Tee wrote...If a pharmacist, because of his beliefs, cannot dispense it, then the company employing him should have a backup plan.


Tee, I think this is an area where we are not of like mind. I strongly disagree with this. People go into a pharmacy to get professional help and get healthy-not to be subjected to someone else's moral judgements or beliefs. There should be some regulation that a pharmacist cannot refuse treatment. A very difficult subject for many reasons.
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Tee



Joined: 22 Mar 2007
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PostPosted: Thu Sep 04, 2008 5:40 pm    Post subject: Re: Federal Regulation Reply with quote

Margaret wrote:
There should be some regulation that a pharmacist cannot refuse treatment. A very difficult subject for many reasons.

I guess that's why I said the company that employs him should have a backup plan because they are the ones that are ultimately responsible for the medication not being dispensed. Again, in a fairly populated area, this is probably no big thing; but it could be in a place where there is only one drug store in the area. And I'm sure there are some of those places around. Heck, in our area, we have drug stores on every corner, it seems, and more being built.

But you're right, Margaret. What seems cut and dried to me isn't necessarily so for others. On the other hand, other issues which appear very black and white in their minds are not that crisp and clear for me.
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Maggie AAR
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Joined: 23 Mar 2007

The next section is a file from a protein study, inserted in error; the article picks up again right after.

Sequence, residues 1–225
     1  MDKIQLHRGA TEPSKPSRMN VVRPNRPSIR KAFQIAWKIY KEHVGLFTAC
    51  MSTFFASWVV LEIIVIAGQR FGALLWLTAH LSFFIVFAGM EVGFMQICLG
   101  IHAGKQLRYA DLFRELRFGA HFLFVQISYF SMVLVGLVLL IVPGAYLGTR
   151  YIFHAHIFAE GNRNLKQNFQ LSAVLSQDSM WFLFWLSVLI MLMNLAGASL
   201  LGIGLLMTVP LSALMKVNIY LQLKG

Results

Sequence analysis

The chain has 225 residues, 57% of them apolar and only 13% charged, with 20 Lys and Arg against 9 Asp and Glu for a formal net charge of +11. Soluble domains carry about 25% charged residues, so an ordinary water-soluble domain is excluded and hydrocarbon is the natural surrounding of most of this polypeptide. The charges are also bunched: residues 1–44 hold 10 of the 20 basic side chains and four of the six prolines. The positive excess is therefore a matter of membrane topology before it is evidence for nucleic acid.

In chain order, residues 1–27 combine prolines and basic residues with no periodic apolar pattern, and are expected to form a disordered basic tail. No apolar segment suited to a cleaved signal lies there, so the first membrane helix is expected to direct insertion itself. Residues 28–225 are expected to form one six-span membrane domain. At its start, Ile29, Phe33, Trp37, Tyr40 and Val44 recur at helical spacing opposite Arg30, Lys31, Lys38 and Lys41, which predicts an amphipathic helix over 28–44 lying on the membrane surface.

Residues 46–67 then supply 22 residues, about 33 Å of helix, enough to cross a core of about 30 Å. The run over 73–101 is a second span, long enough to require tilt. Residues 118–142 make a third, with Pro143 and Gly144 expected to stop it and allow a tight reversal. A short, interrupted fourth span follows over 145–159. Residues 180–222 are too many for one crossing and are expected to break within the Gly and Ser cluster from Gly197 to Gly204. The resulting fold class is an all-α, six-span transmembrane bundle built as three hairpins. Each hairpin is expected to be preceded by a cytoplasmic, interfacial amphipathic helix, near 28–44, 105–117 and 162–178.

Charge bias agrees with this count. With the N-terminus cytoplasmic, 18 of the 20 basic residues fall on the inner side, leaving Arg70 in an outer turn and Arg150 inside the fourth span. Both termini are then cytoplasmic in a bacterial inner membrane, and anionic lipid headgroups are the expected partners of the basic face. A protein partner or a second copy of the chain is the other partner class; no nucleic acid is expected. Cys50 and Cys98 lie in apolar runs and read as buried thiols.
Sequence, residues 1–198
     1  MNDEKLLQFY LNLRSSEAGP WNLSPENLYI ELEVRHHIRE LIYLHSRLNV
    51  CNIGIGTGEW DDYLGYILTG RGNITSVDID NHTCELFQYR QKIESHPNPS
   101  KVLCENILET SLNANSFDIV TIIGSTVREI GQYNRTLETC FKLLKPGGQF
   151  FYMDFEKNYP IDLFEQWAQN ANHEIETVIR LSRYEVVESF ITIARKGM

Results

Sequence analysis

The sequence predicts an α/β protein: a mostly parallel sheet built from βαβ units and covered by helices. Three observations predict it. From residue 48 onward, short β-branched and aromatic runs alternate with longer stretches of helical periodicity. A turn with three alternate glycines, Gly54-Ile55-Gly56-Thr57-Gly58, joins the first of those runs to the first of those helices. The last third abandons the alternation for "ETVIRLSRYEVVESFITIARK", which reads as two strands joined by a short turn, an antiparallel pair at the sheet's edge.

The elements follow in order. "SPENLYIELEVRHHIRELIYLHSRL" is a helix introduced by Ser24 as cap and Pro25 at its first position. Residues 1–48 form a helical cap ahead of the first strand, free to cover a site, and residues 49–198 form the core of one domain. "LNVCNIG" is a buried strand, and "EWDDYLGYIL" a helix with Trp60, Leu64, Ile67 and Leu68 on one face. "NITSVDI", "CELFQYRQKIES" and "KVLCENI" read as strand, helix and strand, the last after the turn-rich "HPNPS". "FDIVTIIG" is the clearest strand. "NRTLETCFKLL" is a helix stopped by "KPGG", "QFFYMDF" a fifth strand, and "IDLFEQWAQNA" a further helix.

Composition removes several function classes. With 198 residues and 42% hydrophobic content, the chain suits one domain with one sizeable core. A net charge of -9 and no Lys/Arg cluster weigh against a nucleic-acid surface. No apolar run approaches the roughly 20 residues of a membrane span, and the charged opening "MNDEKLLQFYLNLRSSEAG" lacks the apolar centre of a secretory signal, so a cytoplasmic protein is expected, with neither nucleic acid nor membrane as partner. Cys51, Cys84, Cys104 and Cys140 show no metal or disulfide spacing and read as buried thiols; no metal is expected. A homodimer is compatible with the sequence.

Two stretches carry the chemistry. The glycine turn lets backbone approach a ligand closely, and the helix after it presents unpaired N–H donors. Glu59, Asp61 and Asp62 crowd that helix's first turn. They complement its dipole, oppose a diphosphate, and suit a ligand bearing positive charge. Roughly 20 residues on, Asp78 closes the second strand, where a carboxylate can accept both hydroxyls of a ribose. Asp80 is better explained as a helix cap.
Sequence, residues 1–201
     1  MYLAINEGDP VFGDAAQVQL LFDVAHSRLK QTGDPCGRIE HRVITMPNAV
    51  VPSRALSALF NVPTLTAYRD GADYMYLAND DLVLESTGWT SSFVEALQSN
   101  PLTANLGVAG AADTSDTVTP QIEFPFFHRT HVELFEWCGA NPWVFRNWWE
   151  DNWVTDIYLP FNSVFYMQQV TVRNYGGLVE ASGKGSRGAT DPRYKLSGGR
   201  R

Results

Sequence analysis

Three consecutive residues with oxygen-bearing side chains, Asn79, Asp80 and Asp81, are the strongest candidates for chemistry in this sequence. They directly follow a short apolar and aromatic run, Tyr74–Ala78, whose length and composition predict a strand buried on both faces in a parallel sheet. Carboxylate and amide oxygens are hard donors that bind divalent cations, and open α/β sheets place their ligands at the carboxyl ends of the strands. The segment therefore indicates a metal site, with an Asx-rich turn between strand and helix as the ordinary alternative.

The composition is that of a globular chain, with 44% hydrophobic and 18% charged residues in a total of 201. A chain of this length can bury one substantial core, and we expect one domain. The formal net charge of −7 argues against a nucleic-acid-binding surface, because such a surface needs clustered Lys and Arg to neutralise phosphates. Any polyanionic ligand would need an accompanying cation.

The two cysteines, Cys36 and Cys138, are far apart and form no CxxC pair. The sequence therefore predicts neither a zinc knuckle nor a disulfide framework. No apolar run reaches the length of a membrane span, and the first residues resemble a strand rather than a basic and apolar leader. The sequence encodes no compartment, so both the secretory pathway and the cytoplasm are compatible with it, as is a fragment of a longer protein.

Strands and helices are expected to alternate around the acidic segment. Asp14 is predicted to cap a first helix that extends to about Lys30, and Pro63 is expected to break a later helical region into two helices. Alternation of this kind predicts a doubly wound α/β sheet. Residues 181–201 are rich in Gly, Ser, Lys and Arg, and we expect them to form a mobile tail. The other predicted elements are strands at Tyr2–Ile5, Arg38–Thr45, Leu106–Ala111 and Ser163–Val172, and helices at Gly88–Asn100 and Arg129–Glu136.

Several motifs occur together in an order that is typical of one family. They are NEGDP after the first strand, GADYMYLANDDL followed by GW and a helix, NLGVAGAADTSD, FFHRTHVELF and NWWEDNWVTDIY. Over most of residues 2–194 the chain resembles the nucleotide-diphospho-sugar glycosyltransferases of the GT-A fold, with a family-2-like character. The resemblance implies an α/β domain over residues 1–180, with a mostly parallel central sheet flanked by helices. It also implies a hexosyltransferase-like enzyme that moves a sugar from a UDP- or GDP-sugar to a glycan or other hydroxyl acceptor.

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PostPosted: Thu Sep 04, 2008 7:23 pm    Post subject: Re: Federal Regulation Reply with quote

LLB wrote:
maggie b. wrote:
My first question would be - have you asked them why? I know these two items are often stolen

Regarding the embarrassment issue -- there is a bit of a maturity element in all of this for me. Just when is a person ready for sex? Shouldn't it at least involve the maturity to get the supplies they need to do this safely? I mean, teens seem to find cigarettes and alcohol easy enough and yet they can't take care of this? I go back to what I've said before -- our problems are not with education nor with availability. Our problems tend to be in the very confused attitudes of the teens, who probably got that confusion from their own parents. Confused

maggie b.


Maggie -

These are not the most expensive or small items on sale at the CVS. Certain things are more subject to theft than others, BUT many believe there is a "moral" component to the decision. And, by doing this, they are discouraging the use of condoms. Even at my age I'd be pretty upset to have to ask for somebody to unlock them for me; it's nobody's business, and knowing that I'm being filmed makes the whole Big Brother thing very much front and center.

Remember, pregnancy tests are also under lock and key...and surveillance. Unless I was trying to get pregnant, I would be bothered to have to ask somebody to unlock one for me, particularly if I were being filmed.

Lots of stores lock up razor blades, but they don't have signs proclaiming video surveillance to intimidate people. To me that's the scariest part of this whole thing.


In regards to this, I can speak only to my own area and experiences. In the area I live and where my family lives (Missouri) the difference is only in whether or not you are in a high crime area. So the Walgreens near me (in Wisconsin) and the one near my mom (in southern MO) has them out in the open and the area where my sister lives (rough neighborhood, about 20 miles away from mom, high crime rate) and where I work (high crime rate) has these things locked up. I think part of it is not just that they are small but they are something that teens want and those things, just like CD's and video games, get stolen more.

Each area might be different though and I guess it's possible that it could be due to some kind of moral component in other areas. I just know about the areas that I am familiar with and there it most definitely is not.

maggie b.